This is part of a series where I try to explain through each of 33 JS Concepts.
This part corresponds to the Type Coercion.
There are generally two types: Primitives and Objects.
Primitives are number, string, null, undefined, boolean and symbols.
Objects are everything else
Type Conversions are generally of two types: Implicit or Explicit.
Implicit conversion means that the compiler is going behind your back to convert something you give it without you explicitly saying it. This is also known as Type Coercion.
Explicit coercion happens when you explicitly tell the compiler what type to convert to. This is popularly known as type casting.
Who decides what is explicit and implicit?
Like in most cases, the spec does. But if you had to figure out rules, it would completely depend on your knowledge whether something is implicit or explicit.
For eg. You might know that unary
+ operator forces anything to convert to an integer. But a junior developer joining the team tomorrow might not. So what is explicit for you just turned implicit for another person.
Can any type be coerced to any other type?
Of course not. There is no way the compiler converts “three” to 3 whatever conversion tactics you use.
Type coercion always converts types to Primitives or Scalars. There is no conversion that results in the opposite.
Except may be [boxing], but that is not coercion in the meaning of things.
Here, we discuss how things can turn into
1. Unary plus
Unary Plus operator before any string/object/boolean converts it into a number (if possible)
This is as explicit as explicit gets
If conversion is not possible, it is converted to
NaN, which you need to be very vary as it is very inconsistent in it’s behavior
If objects have a
valueOf function, it is called for conversion to
NaN is returned.
Arrays have a
valueOf function defined by default, but as you can guess it works only when there is a single element in the array.
One special detail to remember:
nullis converted to 0
falseis converted to 0
undefinedis converted to
When numerical conversion is used on a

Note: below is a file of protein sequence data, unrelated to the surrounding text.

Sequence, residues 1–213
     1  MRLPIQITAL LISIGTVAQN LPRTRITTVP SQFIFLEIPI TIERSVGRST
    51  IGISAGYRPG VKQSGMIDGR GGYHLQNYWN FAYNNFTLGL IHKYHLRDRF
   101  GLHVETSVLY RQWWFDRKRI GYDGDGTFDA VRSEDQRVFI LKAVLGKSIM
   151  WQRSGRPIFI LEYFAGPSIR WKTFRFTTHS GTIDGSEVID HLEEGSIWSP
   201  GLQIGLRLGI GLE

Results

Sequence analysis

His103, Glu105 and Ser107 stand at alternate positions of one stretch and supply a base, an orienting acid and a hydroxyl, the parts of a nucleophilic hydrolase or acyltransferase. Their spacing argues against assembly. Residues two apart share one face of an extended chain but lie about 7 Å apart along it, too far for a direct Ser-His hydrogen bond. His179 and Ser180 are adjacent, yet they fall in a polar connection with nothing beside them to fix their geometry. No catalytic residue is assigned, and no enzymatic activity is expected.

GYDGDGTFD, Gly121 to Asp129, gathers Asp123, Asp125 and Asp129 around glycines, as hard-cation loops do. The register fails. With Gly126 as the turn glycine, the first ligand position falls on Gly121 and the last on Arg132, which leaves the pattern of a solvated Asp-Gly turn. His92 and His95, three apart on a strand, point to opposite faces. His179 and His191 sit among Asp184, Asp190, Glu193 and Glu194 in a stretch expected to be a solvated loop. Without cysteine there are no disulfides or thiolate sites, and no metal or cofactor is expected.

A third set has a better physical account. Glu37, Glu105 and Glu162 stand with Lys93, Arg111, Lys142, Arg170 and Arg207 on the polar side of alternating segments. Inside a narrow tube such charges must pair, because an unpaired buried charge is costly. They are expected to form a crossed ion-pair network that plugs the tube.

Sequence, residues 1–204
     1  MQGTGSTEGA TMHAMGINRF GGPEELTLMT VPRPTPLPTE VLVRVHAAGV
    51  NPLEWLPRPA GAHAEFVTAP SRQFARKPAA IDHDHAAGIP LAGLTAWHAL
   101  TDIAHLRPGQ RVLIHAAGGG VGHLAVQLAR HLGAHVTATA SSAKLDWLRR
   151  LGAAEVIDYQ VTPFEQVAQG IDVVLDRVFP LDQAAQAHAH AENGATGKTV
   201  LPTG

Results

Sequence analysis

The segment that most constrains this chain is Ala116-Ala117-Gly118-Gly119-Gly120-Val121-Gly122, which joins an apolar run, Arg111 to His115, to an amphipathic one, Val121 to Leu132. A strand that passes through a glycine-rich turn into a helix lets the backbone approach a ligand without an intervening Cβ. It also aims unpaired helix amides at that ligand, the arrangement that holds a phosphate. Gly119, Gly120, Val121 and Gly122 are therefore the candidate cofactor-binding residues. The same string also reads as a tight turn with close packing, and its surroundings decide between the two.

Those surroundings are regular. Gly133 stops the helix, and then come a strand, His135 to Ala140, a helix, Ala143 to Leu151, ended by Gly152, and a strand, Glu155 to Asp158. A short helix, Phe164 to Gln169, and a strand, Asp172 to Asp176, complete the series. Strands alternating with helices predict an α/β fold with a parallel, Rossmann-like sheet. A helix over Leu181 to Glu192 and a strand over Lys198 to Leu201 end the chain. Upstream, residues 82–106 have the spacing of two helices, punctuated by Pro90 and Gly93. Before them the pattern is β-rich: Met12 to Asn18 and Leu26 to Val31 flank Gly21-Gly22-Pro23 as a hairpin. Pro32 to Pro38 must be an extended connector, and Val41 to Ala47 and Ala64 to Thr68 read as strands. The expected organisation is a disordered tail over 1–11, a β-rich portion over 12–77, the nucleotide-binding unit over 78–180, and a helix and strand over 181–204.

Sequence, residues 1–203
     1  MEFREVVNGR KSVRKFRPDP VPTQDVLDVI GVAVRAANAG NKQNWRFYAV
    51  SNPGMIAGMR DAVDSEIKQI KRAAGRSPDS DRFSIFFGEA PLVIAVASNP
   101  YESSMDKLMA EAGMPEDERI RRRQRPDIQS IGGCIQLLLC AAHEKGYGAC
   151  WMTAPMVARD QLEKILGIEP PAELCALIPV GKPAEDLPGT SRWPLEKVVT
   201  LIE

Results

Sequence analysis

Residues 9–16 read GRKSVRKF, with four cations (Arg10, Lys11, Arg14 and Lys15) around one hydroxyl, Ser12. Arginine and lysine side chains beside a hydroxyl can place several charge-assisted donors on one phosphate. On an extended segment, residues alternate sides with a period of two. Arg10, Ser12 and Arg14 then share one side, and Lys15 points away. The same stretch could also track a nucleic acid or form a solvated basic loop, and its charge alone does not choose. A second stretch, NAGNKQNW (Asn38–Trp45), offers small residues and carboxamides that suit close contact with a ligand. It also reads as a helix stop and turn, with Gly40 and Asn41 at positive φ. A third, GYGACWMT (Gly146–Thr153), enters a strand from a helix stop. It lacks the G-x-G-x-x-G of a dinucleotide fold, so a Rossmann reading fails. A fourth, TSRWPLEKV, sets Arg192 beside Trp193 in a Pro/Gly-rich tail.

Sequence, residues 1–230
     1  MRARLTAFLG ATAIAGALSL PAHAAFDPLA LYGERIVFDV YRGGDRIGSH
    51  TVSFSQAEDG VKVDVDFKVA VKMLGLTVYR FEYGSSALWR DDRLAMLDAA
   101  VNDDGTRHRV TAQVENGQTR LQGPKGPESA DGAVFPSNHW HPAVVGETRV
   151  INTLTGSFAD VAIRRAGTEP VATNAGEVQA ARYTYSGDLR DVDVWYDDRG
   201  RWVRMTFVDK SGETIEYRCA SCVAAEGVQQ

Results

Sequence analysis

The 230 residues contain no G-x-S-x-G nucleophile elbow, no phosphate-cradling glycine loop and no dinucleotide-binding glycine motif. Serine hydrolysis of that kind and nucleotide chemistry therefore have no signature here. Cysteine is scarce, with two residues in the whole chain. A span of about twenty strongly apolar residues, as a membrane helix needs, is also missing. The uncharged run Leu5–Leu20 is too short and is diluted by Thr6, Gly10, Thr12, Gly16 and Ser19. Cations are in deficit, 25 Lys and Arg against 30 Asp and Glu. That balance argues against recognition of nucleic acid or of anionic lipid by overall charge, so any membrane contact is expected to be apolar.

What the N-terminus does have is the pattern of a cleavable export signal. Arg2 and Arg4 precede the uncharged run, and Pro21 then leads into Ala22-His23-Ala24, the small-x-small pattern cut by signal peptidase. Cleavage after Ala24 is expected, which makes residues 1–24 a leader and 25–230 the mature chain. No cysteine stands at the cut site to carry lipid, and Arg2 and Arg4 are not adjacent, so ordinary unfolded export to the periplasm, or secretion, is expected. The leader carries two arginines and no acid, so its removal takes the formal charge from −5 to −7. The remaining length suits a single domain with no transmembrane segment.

Date() object, it gives you a timestamp.
1. Plus Operator
This guy seems to be the culprit here too.
As in most places + in between two operands is either string concatenation or addition. This is pretty simple when both operands are of the same type. But what happens when it is not?
If we add a string to a number, the string always wins. But if the number gets very large, it takes the form of an exponentiation operator as a string.
If the object implements
toString() function, that is returned on converting to string. Otherwise, you get the infamous
Arrays, by default implement a
toString() function that is equal to
Same rules. More explicit.
Same rules. Doesn’t get more explicit that this.
Before boolean conversions, we have to talk about falsy values.
ES Spec defines falsy values as:
- 0, +0, -0
Falsy values are coerced into
false when applying a boolean type conversion.
What about truthy values?
ES Spec defines all values that are not falsy as truthy.
That’s it. There is no table of values. Just the ones that aren’t falsy.
! operator turns
true. You can guess what two of those can accomplish.
There are two things to remember here, An empty object
 are not falsy values. If you want to run checks on them, you are better off with
The same rules apply for Boolean().
3 Bitwise Operator ~
What does this do? This operator takes the 2s compliment of a number.
I was sleeping in the math class at this point.
Well, just remember if you take 2s compliment of
x, you get
-(x + 1)
Okay, that’s cool. Why is this important?
Well, because of the last one.
~-1 = 0
-1 is known as the sentinel value. Very famously,
indexOf function returns -1 to signal that the argument is not present in the string.
To make sense of this we would have to provide:
Which one is more readable? Jury is still out.
Even the most hard coercion haters use this at some point.
Expressions that force coercion are:
- || and &&
All of them are conditionals. Whatever you provide inside these (adapt it to logical and ternary) expressions gets converted to a boolean.
The rules are pretty straightforward for the first four. So we will skip them and focus on the last. The logical operator.
The logical operators
&& do not convert both the sides of the expression to boolean. In fact, both of them only convert the first operator given to them to a boolean.
|| operator converts the first to boolean. If it is a truthy value, it returns the first otherwise the second.
&& operator converts the first to boolean, If it is a truthy value, it returns the second, returns false otherwise.
This leads to some interesting applications:
&& operator is very widely used in React for conditional rendering.
Does this change the way I write code?
After reading this, you should immediately put to test which of these you knew already and which of these your coworkers could know. That is ultimately what decides what is implicit and what is explicit. Implicit conversion, though seemigly evil makes the code easier to read (not always, but when everyone involved knows the rules).
Having an opinion on which of these can be used, or should not be used is very important on maintaining a codebase.
Is there something I missed? Something wrong? Something good? Ping me on Twitter